Theologians make the distinction between knowing about God and knowing God. The first kind of knowledge may be interesting and even helpful, but it is the second kind that brings us to life’s goal. We know God not primarily by taking trips to the Holy Land or memorizing the Catechism. No, first and foremost, we know Him by following His way of love.

Friday, March 25, 2011

Solemnity of the Annunciation of the Lord

(Isaiah 7:10-14.8:10; Hebrews 10:4-11; Luke 1:26-38)

A Catholic pro-life activist had an inspiration. In order to raise funds for the diocesan Respect for Life Office he would organize a banquet. The celebration would take place on March 25, the Solemnity of the Annunciation. His reason for having it today, of course, is that Jesus literally becomes human at the moment of his conception which the Church considers as happening when Mary assents to the angel’s pronouncement.

As important as the Annunciation is to pro-life activities, its deeper significance lies in another realm. In becoming human, God relates to humans in a new way never heard of before or since. He puts Himself in touch with us as one who shares every aspect of our life. We see Him, hear Him, touch Him, and smell Him. To be sure, He is still beyond us but we have incredibly intimate sensations of what He is like. It is like the movie a dozen years ago shot completely from the hospital patient’s perspective. Seeing it, one has a much better idea of what it means to be hospitalized.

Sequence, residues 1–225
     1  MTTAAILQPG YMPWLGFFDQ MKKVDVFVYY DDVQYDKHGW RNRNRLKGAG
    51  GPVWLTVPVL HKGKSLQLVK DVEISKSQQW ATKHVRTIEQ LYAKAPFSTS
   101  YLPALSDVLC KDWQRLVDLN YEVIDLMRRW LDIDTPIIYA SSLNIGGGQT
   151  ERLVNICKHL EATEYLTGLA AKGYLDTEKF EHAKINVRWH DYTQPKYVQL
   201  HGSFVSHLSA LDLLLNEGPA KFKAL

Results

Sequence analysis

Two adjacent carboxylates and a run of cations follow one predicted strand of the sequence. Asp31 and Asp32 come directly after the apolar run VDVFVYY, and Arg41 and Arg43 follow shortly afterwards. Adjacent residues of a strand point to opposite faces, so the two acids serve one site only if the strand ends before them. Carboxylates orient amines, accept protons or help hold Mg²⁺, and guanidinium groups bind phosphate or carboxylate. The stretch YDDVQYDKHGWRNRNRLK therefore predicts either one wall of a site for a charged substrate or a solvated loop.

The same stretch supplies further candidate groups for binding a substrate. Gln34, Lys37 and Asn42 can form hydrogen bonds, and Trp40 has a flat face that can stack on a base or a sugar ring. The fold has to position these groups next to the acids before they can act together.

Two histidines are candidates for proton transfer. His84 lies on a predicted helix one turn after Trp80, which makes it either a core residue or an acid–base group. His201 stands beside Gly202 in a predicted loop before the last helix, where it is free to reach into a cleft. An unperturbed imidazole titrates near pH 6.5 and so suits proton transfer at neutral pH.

As Christmas has turned into a beehive of commercial activity, we may take time today to contemplate the mystery of the Incarnation. We want to ponder how Christ’s humanity has affected us personally and how it has changed the world. We will likely come to the realization that we resist it having a very great effect. If so, we want to ask God to open us to His singular offer of everlasting life.

Thursday of the Second Week in Ordinary Time

Thursday of the Second Week in Lent

(Jeremiah 17:5-10; Luke 16:19-31)

“Richard Corey” is a tragic poem about a man with a heart like a dry peach stone. Although he is much admired, Corey is still unable to show any compassion. In the end he kills himself because he cannot form loving relationships. In the first reading the prophet Jeremiah laments such a malignant heart. In the gospel Jesus gives us an example – the rich man who ignores the beggar at his door.